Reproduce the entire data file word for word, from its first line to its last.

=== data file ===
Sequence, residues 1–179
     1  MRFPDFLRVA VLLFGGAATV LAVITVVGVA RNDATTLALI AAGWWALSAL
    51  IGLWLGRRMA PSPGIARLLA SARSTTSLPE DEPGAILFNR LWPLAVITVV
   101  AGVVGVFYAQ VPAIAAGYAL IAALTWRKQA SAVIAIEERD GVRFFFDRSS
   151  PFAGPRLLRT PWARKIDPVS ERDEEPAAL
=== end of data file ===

Sequence, residues 1–179
     1  MRFPDFLRVA VLLFGGAATV LAVITVVGVA RNDATTLALI AAGWWALSAL
    51  IGLWLGRRMA PSPGIARLLA SARSTTSLPE DEPGAILFNR LWPLAVITVV
   101  AGVVGVFYAQ VPAIAAGYAL IAALTWRKQA SAVIAIEERD GVRFFFDRSS
   151  PFAGPRLLRT PWARKIDPVS ERDEEPAAL